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I have a question in respect of the js constructor function. I have the following code:

    var PersonConstructorFunction = function (firstName, lastname, gender) {
    this.personFirstName = firstName;
    this.personLastName = lastname;
    this.personGender = gender;

    this.personFullName = function () {
        return this.personFirstName + " " + this.personLastName;

    this.personGreeting = function (person) {

            if (this.personGender == "male") {
                return "Hello Mr." + this.personFullName();

            else if (this.personGender == "female") {
                return "Hello Mrs." + this.personFullName();
         else {
            return "Hello There!";

var p =  new PersonConstructorFunction("Donald", "Duck", "male");
p2 = new PersonConstructorFunction("Lola", "Bunney", "female");
document.write(p2.personGreeting(p2) + " ");

The result is quite obvious - --Hello Mrs. Lola Bunney--

The question is: There are two equivalent objects p and p2 with the same number of properties and methods. I can't understand the following behaviour when I call the personGreeting method of one object and pass the second object as the argument:

**document.write(p2.personGreeting(p) + " ");**

in this case I get --Hello Mrs. Lola Bunney-- but what about the p object that is passed as the argument?

personGreeting gets the person object, determines their gender and bsed on the result shows appropriate greetings.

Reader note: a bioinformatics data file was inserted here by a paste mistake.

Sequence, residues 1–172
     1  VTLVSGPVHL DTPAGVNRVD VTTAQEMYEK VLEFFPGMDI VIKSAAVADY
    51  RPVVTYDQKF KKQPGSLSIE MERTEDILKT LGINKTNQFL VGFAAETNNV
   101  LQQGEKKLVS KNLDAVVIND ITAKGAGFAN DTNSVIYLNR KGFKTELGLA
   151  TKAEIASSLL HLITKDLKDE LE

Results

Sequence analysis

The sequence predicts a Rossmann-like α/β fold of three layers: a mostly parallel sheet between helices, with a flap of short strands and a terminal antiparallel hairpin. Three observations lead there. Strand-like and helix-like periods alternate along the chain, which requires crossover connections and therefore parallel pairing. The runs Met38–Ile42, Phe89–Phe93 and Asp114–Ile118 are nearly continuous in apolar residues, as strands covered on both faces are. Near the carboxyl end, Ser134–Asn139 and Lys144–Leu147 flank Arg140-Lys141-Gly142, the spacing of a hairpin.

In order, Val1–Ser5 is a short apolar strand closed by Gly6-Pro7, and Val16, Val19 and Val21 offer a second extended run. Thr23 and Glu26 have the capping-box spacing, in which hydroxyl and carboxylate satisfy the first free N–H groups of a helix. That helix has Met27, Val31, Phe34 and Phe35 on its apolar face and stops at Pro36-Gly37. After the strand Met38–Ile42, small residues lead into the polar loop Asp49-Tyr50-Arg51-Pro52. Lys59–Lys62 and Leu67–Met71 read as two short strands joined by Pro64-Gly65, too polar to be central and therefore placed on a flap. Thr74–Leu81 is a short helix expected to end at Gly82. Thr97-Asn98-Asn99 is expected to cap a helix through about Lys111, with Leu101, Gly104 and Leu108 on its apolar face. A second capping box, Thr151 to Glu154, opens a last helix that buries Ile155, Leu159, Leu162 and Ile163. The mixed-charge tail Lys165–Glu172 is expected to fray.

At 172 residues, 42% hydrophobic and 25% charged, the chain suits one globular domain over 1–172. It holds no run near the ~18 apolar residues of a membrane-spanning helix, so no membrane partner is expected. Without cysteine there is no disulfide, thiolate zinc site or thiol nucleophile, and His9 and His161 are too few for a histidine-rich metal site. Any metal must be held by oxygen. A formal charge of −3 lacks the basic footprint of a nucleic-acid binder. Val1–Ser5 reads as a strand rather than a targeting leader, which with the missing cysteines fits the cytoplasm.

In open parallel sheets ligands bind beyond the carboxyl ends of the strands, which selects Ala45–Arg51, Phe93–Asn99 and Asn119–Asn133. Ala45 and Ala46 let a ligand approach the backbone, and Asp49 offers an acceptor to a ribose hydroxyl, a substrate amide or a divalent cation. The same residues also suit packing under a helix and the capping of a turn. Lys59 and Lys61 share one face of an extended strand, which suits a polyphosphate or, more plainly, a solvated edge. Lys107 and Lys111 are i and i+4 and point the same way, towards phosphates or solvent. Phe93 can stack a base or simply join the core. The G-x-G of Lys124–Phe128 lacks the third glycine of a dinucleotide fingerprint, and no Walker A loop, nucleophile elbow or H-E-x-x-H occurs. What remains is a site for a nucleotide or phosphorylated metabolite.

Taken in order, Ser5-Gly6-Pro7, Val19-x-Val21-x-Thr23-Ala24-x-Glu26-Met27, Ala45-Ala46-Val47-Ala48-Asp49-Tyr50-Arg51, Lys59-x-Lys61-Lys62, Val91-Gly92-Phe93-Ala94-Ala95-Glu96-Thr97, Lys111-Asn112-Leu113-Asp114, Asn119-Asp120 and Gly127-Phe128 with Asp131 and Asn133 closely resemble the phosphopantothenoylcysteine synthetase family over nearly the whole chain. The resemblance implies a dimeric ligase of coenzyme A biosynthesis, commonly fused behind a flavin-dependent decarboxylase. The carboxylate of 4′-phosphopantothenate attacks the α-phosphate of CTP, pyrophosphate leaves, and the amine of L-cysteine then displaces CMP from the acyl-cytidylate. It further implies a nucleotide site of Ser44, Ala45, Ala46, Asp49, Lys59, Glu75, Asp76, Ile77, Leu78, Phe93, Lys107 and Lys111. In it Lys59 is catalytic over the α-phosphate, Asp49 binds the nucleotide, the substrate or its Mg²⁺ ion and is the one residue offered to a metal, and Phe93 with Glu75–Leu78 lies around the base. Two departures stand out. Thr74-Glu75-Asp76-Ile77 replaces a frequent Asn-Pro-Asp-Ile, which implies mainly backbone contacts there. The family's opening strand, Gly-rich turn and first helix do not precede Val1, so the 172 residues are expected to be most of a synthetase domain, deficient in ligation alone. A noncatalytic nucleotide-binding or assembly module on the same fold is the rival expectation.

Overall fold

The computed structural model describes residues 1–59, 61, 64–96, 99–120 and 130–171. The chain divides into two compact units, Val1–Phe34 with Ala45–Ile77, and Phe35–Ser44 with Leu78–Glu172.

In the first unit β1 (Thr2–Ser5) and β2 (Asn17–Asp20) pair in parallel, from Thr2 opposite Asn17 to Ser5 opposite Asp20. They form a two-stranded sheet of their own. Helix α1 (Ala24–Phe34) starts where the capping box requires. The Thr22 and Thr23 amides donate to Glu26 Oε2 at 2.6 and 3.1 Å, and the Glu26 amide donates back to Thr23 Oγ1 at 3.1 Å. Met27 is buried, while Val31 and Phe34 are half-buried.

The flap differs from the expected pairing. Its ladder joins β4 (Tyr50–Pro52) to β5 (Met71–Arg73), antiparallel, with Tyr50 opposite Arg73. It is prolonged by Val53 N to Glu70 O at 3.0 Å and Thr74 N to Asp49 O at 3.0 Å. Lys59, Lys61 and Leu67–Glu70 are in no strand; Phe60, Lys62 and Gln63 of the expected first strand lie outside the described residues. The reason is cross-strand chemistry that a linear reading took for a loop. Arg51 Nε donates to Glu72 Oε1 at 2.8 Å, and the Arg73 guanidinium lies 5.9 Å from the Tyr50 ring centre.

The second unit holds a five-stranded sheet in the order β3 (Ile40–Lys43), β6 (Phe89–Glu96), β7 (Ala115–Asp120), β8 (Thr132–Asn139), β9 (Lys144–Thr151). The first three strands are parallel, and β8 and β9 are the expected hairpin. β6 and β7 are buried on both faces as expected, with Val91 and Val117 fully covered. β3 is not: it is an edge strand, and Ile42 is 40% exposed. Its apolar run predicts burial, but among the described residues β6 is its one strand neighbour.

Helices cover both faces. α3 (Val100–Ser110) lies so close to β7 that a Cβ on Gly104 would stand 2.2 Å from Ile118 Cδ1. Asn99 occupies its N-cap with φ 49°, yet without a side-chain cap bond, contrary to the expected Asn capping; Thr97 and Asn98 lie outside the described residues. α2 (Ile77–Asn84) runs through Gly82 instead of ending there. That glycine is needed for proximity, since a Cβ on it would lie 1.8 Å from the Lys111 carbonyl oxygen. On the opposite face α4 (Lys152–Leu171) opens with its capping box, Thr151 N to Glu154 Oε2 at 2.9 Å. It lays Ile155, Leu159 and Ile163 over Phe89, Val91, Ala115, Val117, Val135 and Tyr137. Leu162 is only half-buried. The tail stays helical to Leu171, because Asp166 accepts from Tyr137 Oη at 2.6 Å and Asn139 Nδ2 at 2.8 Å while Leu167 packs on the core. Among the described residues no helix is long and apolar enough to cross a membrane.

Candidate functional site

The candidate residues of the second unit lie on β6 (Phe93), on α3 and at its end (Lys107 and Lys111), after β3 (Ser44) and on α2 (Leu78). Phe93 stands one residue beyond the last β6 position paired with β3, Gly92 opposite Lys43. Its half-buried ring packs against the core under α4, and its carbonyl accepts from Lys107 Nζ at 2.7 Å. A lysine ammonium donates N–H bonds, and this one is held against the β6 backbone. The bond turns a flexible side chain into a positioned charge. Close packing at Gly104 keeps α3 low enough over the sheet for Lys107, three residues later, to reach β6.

Resently I learned C# and constructors there works similarly I guess.

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In personGreeting, the this keyword isn't referring to your p object (that's the person parameter since you passed p as an argument, which you never use in that function). –  ajp15243 Apr 21 '14 at 18:23
Thanx man! You're so fast! :) –  Andrey Langovoy Apr 21 '14 at 18:26
The way constructors (and, more generally, objects and inheritance) work in JavaScript is vastly different from how those things work in C#. –  Pointy Apr 21 '14 at 18:26
I think you need to rethink your personGreeting method. You're either going to wind up with it having a useless parameter (person) if you use this, or you're going to use person, in which case it makes no sense as a member method of the object. The only way it would make sense as a member method with a person parameter would be if it made use of both the object that contained it and the value that was passed to it. –  JLRishe Apr 21 '14 at 18:35

1 Answer 1

up vote 2 down vote accepted

You are not doing anything with the passed parameter. Since you are utilizing this only the variables that are within your constructor are being called.

You COULD do person.personFullName(); and that would mean that the parameters member personFullName() would be called and not your constructors.

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